“Enough,” Mr. Jimenez calls from behind his desk. “Knock it off or I’ll see you both after class. Savannah,” he says to me, pushing his wire-rimmed glasses up on his nose. “Can you please continue?”
I’m not sure I want to—this is such an incredible waste of time. But I need this class to graduate, so I swipe a tangle of red hair behind my ear and begin again.
“Because of my brother’s condition”—I lower my voice—“I picked a special-education teacher for my career project. The pay is terrible but the hours aren’t bad. I think I’d be good at it. And I wouldn’t be one of those condescending ones either. I’d be cool. I’d help the kids feel cool.” I look out at the room of blank faces and sigh. “So, yeah. The end.”
There’s a halfhearted attempt at applause before Mr. Jimenez comes to stand next to me, barely two inches taller. He smells like copy machine ink and cough drops, and he’s generally tolerant of our disinterest in learning.
“Thank you, Savannah,” he mumbles, picking up the class roster.
I shrug and walk back to my seat, flipping off Gris before dropping down in my chair. As the heat begins to fade from my cheeks, I chip the clear polish off my fingernails.
“Nice speech, Sutton,” Cameron says. He’s in the desk next to mine, staring straight ahead and not looking at me. He never looks at me.
I wish he never talked to me either. Things here at Brooks Academy are usually pretty simple. We show up and listen to the druggies, the criminals, and the anger management cases—like me—give speeches (or whatever pointless project is assigned), then we go home.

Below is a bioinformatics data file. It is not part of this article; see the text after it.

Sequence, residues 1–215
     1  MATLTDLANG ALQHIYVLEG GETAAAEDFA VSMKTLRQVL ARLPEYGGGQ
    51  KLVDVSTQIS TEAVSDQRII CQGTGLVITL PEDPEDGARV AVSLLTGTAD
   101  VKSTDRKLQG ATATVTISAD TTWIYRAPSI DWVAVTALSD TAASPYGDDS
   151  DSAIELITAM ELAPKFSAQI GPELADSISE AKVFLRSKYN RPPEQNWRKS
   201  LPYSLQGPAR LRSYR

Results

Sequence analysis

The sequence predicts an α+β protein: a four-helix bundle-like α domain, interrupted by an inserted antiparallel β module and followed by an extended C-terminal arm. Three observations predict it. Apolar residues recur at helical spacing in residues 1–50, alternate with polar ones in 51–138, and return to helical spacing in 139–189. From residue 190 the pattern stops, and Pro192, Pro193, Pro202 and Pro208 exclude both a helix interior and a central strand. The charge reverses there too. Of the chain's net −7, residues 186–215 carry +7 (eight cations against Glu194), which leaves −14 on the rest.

This is where the district sends the students they’ve expelled, keeping their funding by continuing our education. Yep. Glorified GED classes equal an education around here. But it’s fine. I came to class and minded my own business.
Then Cameron Ramsey showed up, all sexy and quiet. None of us even know why he’s in here. He definitely doesn’t fit. I mean, the kid drives a BMW.
He’s a distraction. And for some reason, I’m the only one privy to his one-liners. Nice speech? What the hell is that about?
“Cameron?” Mr. Jimenez calls from the front. “Would you like to participate?”
Cameron closes his notebook and shakes his head no. I wonder if he didn’t do the assignment or if he just hates people. I understand either way. When the teacher moves on, Cameron takes out his phone and begins playing a game under his desk.
Mr. Jimenez leans on the podium, clearly exhausted. “Well, unless anyone else has something to add, I guess we’re done for the day . . .” He leaves his offer open, but if he thinks any one of the twelve of us is going to prolong class, he’s obviously having an acid flashback.
“Good-bye,” Mr. Jimenez announces loudly and turns away. I feel sort of bad for the guy. He’s youngish—young enough to still think he can make a difference in our lives. But he’s our third savior this year. I wonder how many times a day he wishes he went into business management instead.
I stand and swipe my notebook into my bag, relieved the day is over. I turn just as Cameron shoves his phone into his pocket. Without looking at me, he smiles.
“I’ll see you around, Sutton,” he says.